Awake at 2 a.m., the farmers of Tam Thanh commune on the outskirts of Hanoi begin planting their rice fields at night to escape the searing heat of the day. Northern Vietnam is having its longest ever heatwave this summer, after previously experiencing record highs just last year. It seems like Vietnam might now be set to suffer the hottest summer in its history every single year, as an ongoing thing, such are the horrors of climate change.
It’s a disturbing trend, which is drying up Vietnam’s lush countryside and cooking its residents. The existential threat is obvious to anyone who makes a living working under the unforgiving Vietnamese sun. “Temperatures are rising one or two degrees [Celsius] every year,” farmer Le Van Ha told Reuters.
Adding to seemingly never-ending chaos of 2020, Vietnam is forecast to face prolonged heat waves and other abnormal weather patterns. Temperatures have reached highs of 42 degrees Celsius. In May, Hanoi’s Ha Dong District saw temperatures spiked to 40.9 degrees Celsius surpassing climate records set back in 1961.
Just last week a Hanoi resident used an electric thermometer used to gauge the heat outside and it registered a whopping 63.1 degrees Celsius. This of course, was not the actual temperature, but the censor thought it was—an effective “feels like” temperature of 145 degrees Fahrenheit.
Vietnamese farmers, already hindered by a global pandemic, are struggling to stay financially afloat during the continued heat waves. For example, farmer Nguyen Dinh Sen reported losing 30% of his crops to the sun, with 2,000 pomelo and orange trees withering away on his farm in the heat of Ha Tinh Province.
“I’ve done everything I can to save my farm but my hands are tied now,” Sen told VN Express. “I can only wish for the rains to come soon. In my decades of farming this could be the year I suffer the heaviest losses… maybe of around 100 million VND (4,300 U.S. dollars).”
In May, Hanoi’s Ha Dong District saw temperatures spike to 40.9 degrees Celsius surpassing climate records set back in 1961.
Climate guru, armchair meteorologist, and all-round weather obsessive, the Hanoi Weatherdude told Chào the scale of the problem. “Every year, heatwaves are extending by a few days. A three-day heatwave 20 years ago was normal. Now a 10-day heatwave or longer is considered normal.”
The harsh climate is not going away anytime soon, according to Weatherdude. “Hanoi is going to be one of the hotspots that will become ridiculously hot with drought conditions. Unfortunately, winds will change and there may no longer be monsoon rains anymore.”
The scale and intensity of the heat is a huge challenge, and there will need to be policy changes at government level. The nation’s exceptional response to Covid-19 has proved that when it wants to take something very seriously it can pull out all the stops to huge results. Hopefully, it can make a similar gargantuan effort with regards to rapidly rising temperatures. Hanoi Weatherdude is making his predictions as to how government will response to the rising, hellish temperatures.
“I really want to try and remain optimistic about Vietnam’s future. I believe that the government can potentially spark change fairly rapidly,” he said. “Big business and government need to work together to form policy where the economy is not the priority. It’s hard though and may take years to change. I fear there has to be a great disaster until people pressure the government more.”
“Vietnam is one of the countries most heavily affected by climate change. We support and join global efforts to respond to climate change and address its security implications.”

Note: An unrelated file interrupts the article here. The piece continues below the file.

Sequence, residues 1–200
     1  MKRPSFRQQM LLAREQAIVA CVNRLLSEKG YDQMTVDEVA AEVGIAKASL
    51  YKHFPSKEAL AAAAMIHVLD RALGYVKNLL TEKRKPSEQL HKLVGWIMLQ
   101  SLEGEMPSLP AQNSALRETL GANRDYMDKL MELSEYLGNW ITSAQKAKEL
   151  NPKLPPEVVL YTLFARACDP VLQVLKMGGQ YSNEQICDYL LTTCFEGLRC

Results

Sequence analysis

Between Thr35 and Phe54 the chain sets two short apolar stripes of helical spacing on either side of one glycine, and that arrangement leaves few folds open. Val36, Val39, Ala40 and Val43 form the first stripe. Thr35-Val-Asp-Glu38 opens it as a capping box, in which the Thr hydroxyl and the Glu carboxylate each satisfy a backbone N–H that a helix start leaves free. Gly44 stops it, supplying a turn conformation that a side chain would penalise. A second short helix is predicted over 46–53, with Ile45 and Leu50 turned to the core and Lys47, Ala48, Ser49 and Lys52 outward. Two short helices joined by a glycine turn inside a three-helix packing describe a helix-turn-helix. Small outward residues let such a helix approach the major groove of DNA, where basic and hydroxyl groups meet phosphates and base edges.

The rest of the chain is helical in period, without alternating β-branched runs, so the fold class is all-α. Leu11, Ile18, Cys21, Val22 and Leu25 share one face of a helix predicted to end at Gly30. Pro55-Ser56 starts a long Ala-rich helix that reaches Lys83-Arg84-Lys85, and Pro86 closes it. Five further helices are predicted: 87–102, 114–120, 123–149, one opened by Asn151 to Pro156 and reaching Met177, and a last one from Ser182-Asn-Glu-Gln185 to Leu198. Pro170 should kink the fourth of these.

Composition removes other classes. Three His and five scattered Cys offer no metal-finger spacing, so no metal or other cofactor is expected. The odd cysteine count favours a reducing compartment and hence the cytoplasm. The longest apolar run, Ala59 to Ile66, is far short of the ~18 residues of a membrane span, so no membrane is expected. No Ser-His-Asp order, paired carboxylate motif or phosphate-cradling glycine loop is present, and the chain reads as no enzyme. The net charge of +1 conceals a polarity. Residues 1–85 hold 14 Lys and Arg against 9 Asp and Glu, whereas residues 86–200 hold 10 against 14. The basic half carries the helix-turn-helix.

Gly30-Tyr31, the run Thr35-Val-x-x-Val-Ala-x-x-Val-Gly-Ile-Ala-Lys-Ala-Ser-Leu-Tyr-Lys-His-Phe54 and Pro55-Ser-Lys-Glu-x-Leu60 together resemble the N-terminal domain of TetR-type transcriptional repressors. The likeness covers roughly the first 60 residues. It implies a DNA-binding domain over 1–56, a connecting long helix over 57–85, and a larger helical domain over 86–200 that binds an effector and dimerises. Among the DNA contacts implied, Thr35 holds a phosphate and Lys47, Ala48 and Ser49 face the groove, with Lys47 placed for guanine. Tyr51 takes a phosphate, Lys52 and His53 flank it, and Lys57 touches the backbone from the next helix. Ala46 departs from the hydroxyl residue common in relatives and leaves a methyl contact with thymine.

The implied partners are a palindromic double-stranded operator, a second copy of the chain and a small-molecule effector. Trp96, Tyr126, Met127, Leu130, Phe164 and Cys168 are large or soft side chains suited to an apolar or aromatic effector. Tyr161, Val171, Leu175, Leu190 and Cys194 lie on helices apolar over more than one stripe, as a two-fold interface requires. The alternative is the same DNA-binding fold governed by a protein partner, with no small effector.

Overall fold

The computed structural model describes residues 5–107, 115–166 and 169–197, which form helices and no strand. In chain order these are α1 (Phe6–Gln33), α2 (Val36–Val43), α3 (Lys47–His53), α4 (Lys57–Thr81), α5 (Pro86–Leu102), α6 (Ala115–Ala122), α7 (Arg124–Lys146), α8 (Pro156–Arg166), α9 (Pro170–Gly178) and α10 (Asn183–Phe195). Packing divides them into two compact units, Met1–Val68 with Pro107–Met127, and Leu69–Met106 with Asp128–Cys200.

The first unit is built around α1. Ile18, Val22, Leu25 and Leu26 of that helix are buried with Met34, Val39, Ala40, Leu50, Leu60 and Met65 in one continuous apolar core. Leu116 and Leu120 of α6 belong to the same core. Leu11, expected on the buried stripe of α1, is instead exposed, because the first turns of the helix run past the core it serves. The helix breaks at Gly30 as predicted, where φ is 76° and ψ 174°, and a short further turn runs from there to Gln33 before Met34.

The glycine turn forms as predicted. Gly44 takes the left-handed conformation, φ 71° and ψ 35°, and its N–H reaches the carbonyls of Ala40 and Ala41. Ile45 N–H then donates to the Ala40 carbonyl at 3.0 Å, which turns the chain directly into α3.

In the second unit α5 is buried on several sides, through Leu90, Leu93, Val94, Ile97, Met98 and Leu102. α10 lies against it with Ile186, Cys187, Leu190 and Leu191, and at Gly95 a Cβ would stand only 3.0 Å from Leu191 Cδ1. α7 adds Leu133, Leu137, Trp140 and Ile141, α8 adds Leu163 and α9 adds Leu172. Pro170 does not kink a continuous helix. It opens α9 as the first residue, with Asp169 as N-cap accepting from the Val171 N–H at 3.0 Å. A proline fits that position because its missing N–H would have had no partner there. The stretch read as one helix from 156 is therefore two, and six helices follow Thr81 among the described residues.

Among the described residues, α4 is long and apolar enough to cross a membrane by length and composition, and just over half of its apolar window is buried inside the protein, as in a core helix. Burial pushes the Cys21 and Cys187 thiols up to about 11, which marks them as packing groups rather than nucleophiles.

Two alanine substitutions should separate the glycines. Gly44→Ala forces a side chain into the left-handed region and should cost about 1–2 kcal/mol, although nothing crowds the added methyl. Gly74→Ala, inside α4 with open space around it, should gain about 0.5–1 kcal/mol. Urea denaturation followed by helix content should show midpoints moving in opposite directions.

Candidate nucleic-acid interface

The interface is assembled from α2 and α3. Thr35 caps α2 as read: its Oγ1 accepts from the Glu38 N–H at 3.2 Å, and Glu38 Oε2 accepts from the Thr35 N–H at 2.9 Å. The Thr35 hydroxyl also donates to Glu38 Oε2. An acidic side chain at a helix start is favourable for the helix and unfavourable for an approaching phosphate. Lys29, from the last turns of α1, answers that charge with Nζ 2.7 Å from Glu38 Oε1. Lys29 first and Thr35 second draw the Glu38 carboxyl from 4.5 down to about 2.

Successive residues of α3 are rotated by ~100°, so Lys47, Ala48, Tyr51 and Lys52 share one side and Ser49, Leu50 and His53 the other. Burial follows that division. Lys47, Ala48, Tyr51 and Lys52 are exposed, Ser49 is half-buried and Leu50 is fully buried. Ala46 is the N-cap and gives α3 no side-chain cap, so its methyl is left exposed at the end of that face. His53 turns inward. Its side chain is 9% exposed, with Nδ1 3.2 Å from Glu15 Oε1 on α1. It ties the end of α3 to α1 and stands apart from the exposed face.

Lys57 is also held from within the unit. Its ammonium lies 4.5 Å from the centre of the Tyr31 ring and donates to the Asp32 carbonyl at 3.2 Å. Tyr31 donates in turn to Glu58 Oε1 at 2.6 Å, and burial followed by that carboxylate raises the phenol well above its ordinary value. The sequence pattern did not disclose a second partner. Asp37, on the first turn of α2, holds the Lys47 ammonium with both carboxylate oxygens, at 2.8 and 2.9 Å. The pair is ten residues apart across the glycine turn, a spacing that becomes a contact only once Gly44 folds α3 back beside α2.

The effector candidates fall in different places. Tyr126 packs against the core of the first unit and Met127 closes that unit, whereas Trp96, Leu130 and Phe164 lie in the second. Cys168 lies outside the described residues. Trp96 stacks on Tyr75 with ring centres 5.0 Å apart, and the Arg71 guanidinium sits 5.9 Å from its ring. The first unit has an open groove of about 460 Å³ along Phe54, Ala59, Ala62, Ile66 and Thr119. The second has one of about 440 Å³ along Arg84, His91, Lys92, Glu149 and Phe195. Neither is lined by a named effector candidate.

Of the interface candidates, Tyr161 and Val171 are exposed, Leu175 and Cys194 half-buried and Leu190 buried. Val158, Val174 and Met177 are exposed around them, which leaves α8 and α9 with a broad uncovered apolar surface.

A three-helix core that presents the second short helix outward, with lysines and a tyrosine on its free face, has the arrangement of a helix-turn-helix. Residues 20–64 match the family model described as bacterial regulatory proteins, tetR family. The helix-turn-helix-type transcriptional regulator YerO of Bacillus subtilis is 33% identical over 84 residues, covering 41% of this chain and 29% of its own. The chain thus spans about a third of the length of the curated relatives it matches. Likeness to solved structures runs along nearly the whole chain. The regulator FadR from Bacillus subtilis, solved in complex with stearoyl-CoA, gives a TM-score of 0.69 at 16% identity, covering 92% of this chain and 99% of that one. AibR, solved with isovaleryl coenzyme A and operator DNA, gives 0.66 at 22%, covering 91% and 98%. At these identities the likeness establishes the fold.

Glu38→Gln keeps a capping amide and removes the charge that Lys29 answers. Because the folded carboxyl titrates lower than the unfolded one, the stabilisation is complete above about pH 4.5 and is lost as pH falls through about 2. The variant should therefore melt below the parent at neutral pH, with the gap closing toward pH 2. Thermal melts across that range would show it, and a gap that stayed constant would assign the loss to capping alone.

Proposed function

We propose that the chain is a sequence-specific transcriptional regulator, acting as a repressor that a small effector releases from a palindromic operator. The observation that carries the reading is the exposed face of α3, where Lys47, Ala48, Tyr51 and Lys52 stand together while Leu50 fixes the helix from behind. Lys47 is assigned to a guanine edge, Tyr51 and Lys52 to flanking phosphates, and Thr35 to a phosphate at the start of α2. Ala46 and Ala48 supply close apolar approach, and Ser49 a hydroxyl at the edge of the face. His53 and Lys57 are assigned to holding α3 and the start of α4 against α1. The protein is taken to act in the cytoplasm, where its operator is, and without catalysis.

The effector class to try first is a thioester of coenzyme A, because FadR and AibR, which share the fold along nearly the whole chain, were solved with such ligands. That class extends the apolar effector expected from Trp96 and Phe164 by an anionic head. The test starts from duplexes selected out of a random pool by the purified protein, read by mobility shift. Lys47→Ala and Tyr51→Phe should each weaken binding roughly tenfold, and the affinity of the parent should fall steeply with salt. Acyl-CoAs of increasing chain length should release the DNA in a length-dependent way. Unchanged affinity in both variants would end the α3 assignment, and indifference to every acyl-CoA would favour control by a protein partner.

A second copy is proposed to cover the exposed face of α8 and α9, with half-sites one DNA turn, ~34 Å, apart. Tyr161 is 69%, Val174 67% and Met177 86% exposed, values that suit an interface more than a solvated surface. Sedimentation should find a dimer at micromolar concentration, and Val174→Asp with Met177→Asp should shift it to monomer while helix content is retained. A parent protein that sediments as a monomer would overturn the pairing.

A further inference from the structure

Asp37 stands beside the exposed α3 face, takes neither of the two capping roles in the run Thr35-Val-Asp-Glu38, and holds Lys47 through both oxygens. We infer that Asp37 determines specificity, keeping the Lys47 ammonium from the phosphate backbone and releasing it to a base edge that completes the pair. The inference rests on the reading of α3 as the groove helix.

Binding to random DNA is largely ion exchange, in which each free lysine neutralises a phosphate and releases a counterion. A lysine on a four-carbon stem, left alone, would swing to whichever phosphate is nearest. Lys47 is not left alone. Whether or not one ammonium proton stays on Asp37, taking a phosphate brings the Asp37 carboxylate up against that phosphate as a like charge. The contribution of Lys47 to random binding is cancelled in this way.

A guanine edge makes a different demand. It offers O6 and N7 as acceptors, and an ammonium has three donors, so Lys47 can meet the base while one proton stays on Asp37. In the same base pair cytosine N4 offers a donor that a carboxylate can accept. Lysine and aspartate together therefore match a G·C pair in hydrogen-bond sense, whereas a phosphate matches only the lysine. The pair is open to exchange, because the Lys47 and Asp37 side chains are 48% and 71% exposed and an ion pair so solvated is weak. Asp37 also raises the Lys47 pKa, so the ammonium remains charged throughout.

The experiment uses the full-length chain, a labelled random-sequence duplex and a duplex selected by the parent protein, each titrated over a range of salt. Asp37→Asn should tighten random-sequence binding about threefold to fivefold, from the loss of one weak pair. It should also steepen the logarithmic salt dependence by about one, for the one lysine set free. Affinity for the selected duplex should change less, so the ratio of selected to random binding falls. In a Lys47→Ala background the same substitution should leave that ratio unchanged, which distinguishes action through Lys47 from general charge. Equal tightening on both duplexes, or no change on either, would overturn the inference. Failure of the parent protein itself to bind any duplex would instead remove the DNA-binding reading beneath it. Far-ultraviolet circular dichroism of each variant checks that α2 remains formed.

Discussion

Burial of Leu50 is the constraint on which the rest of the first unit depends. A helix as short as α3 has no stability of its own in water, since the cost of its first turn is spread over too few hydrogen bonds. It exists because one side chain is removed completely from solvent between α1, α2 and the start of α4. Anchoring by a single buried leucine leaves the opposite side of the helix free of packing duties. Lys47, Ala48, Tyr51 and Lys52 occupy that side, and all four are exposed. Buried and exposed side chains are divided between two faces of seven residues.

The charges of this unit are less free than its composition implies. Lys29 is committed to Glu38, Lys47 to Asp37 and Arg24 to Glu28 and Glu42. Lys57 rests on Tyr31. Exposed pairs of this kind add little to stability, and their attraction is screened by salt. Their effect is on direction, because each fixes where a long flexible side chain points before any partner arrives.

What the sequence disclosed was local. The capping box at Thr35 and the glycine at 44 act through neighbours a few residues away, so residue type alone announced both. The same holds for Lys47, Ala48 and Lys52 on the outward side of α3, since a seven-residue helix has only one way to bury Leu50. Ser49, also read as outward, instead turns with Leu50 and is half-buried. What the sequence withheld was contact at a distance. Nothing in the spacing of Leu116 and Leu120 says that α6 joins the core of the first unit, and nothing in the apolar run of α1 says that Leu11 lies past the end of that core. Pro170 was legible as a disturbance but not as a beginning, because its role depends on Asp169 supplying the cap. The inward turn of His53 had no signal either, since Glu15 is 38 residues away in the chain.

A “great disaster” is grim possibility. According to Intergovernmental Panel on Climate Change, Vietnam is expected to lose 5.7% of its GDP to excessive heat by 2030, with the unprecedented temperatures costing Vietnam 85 billion U.S. dollars in productivity loss, as the climate makes outdoor work near impossible in the summer months. Most disturbingly, the World Health Organization estimates that without countermeasures, 65,000 people over 65 will succumb annually to heat exposure within 10 years, mostly impacting the Asian-Pacific region.
Fortunately, the Vietnamese government is taking strong steps on combating climate change. The World Bank recently approved an 84 million U.S. dollar loan for Vietnam, financing the country’s pro-environmental efforts, including a focus on renewable energy and cleaner public transportation options.
Foreign Minister Pham Binh Minh reaffirmed Vietnam’s commitment to curbing the effects of climate change in an address at the Second Berlin Climate and Security Conference, stating the importance of world unity in order to squash this immense threat.
“No single country can solve this alone. A global challenge like climate change requires a global response. We must all do our parts by implementing international climate agreements within the United Nations Framework Convention on Climate Change, especially the Kyoto Protocol and the Paris Agreement,” Minh said. “Vietnam is one of the countries most heavily affected by climate change. We support and join global efforts to respond to climate change and address its security implications.”
While Minh’s words seem hopeful, Hanoians will be left desperately fanning themselves the foreseeable future.
“It’s going to get a lot worse before it gets better,” Weatherdude told Chào. “Too late and not enough? Maybe that’s the case. But I try and remain optimistic, despite the fact that I occasionally think we may all be doomed.”
For the time being, people living in Hanoi should avoid spending prolonged time outside in the middle of the day to avoid sunstroke, try to relax and keep replenished with as much water as possible. The blistering heat, it seems, is here to stay for a while.
Main image courtesy of Quang Tu.